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Goffman and the online world

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Goffman and the online world Approaching Goffman's Presentation of Self
Duncan Chapple
Who?
Erving Goffman ‘22-’83
Important, long-lasting impact
Field work mid-century in Shetlands
Became interested in micro-sociology
What’s happening in the kitchen




Goffman describes the offline world
Social interaction: “that which uniquely transpires in social situations—in environments in which two or more individuals are physically in one another’s response presence.”

Situation: “any physical area anywhere within which two or more persons find themselves in visual and aural range of one another.”
Framework
The stage
Helps understand what’s happening
Belief in the role one is playing
Impression management
Character is the process added to individuals to turn them into persons
Masks
Status
Setting: the spaces are controlled
Appearance: non-verbal communications
Manner: also shows status and comfort





Framework
Dramatic realisations
In the present of others, there are signals and signs
Dependent on setting
Members stress their habits and routines

Idealisation
Individuals incorporate and exemplify officially accredited values
Our own intentions are idealised: we think we are meeting society’s expectations


The debate: Is Goffman’s framework still applicable to the online world?
The stage
Status
Dramatic realisations
Idealisation

Comparison of different views on the contemporaneity of Goffman’s ideas

Rethinking central assumptions of Goffman
Global situations (e.g. foreign exchange market) change forms of the Goffmanian interaction order
New concepts needed to explain global situations
Synthetic situation: People received by machine (phone etc); no co-location
Time transaction: Asyncronous

Globally-oriented interactionism abandons assumptions of Goffman
Physical presence
Focus on human interaction and human mutual monitoring
Local focus of a situation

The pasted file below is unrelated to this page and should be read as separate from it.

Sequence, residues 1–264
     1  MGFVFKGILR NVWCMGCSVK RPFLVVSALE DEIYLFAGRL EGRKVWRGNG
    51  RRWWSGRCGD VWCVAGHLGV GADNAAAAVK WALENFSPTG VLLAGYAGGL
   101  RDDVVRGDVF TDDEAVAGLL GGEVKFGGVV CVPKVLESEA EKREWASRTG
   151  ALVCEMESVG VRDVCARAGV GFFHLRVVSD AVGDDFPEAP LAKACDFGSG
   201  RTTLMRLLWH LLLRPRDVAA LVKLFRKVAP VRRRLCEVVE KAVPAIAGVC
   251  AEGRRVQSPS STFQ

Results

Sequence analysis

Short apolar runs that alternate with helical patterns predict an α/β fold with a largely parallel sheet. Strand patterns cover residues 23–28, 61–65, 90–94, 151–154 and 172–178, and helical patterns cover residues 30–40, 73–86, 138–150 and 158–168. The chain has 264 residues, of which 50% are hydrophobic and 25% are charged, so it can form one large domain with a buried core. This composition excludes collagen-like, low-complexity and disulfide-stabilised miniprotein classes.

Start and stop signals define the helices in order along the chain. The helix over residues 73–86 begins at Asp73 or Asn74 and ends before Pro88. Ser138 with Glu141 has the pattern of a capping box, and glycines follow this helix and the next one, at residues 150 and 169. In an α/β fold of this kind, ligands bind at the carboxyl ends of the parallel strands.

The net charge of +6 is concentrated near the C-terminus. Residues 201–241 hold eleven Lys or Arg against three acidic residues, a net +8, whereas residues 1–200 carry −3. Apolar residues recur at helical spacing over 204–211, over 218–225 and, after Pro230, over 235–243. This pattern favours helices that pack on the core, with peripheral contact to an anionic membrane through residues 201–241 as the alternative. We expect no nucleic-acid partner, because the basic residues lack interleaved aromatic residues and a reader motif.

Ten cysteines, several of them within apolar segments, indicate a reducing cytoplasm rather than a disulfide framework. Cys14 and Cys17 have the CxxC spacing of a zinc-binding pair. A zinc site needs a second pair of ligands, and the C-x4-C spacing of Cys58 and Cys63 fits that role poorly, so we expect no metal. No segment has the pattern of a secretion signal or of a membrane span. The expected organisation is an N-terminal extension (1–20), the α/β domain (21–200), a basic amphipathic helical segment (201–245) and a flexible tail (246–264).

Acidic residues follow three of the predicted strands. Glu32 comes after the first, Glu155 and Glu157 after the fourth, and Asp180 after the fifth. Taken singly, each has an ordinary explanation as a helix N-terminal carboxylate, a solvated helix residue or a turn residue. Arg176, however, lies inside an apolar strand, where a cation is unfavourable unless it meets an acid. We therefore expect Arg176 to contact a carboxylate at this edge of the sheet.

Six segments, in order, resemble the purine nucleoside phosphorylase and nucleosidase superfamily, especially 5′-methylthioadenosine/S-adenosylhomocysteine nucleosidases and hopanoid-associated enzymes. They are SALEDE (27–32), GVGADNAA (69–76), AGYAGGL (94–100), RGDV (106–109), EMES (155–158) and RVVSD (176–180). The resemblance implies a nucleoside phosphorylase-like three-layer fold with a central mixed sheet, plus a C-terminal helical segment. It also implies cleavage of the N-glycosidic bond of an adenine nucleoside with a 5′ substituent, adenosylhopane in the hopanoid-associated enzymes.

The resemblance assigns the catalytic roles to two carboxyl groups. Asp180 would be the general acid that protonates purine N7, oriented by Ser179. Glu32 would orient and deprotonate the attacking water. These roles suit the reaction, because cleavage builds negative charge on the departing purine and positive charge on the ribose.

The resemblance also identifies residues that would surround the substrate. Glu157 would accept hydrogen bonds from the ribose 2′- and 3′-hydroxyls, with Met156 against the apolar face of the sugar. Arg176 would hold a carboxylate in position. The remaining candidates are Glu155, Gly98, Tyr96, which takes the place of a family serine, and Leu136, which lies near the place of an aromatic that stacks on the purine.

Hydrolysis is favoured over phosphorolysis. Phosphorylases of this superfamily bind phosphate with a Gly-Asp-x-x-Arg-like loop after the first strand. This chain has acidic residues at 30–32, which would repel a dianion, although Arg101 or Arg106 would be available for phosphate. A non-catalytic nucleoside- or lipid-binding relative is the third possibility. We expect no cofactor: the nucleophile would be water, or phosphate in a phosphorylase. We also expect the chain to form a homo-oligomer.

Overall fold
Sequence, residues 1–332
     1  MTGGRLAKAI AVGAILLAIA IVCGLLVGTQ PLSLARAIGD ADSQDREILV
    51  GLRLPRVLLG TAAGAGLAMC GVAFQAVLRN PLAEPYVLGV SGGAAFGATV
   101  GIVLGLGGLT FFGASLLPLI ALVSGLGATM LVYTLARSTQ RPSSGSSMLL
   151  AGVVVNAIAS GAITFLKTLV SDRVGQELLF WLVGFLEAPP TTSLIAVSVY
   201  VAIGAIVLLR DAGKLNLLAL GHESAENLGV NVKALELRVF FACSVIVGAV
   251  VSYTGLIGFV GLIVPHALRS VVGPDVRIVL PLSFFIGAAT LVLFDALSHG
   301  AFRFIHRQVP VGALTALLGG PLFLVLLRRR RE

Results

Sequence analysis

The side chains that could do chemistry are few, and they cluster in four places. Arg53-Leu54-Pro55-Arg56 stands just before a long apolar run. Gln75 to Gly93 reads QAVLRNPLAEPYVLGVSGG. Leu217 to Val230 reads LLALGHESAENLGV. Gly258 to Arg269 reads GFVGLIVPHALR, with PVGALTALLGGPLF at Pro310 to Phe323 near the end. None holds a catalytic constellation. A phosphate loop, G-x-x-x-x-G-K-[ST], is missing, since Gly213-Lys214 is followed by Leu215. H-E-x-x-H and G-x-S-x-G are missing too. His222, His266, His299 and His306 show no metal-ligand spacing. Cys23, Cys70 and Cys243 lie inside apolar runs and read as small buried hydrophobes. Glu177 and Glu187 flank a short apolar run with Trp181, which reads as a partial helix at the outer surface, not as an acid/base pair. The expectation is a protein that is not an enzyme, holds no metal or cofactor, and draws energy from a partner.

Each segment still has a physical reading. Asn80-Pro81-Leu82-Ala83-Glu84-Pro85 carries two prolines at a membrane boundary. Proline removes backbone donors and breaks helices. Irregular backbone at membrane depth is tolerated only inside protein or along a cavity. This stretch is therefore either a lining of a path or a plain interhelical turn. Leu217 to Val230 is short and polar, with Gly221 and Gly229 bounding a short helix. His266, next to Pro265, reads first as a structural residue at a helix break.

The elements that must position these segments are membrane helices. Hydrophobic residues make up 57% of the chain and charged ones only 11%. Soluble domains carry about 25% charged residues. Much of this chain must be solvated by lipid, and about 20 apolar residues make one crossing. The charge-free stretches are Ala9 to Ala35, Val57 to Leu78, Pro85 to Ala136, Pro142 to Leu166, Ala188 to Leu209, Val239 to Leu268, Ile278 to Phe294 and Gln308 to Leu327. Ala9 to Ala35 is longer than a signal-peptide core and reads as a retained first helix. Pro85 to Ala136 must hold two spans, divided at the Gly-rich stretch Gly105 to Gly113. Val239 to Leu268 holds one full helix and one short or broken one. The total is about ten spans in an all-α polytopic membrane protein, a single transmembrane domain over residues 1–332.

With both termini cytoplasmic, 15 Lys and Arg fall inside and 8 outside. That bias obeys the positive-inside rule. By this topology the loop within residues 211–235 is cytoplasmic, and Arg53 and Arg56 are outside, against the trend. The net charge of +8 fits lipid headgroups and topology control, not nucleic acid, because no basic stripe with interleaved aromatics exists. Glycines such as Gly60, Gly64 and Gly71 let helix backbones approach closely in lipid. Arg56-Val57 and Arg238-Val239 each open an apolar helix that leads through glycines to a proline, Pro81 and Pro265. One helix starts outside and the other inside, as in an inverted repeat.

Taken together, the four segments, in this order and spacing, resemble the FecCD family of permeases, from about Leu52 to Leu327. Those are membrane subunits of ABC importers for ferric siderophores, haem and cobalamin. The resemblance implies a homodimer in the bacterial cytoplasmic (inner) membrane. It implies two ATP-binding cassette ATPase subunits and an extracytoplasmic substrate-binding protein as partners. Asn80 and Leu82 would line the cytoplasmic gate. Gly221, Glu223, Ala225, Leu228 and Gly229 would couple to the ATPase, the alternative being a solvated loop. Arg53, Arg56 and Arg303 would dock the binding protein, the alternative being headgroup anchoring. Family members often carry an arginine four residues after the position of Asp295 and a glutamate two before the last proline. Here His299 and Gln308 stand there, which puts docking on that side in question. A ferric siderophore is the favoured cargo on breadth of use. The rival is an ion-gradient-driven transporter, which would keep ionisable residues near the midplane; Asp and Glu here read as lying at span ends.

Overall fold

What constitutes global and synthetic situations?
Global situations are synthetic situations... “that include electronically transmitted on-screen projections that add informational depth and new response requirements to the “ecological huddle” (Goffman 1964:135) of the natural situation”

Synthetic situations are defined as… “an environment augmented (and temporalized) by fully or partially scoped components—in which we find ourselves in one another’s and the scopic components’ response presence, without needing to be in one another’s physical presence.”



In-depth look at synthetic situations
Different types of synthetic situations involve different systematics of reciprocity, accountability, rule-governedness etc.

Features of synthetic situations
Informational (perhaps less contextual, more on the matter at hand)
Temporal nature
Symbolic interaction partners (participants interact through symbolic ‘faces’ of both individuals and also the ‘collective’ as a mar

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Goffman and the online world

  1. 1. GOFFMAN AND THE ONLINE WORLD APPROACHING GOFFMAN'S PRESENTATION OF SELF Duncan Chapple24.03.2015
  2. 2. Who? Erving Goffman ‘22-’83  Important, long-lasting impact  Field work mid-century in Shetlands  Became interested in micro-sociology  What’s happening in the kitchen
  3. 3. Goffman describes the offline world  Social interaction: “that which uniquely transpires in social situations—in environments in which two or more individuals are physically in one another’s response presence.”  Situation: “any physical area anywhere within which two or more persons find themselves in visual and aural range of one another.”
  4. 4. Framework  The stage  Helps understand what’s happening  Belief in the role one is playing  Impression management  Character is the process added to individuals to turn them into persons  Masks  Status  Setting: the spaces are controlled  Appearance: non-verbal communications  Manner: also shows status and comfort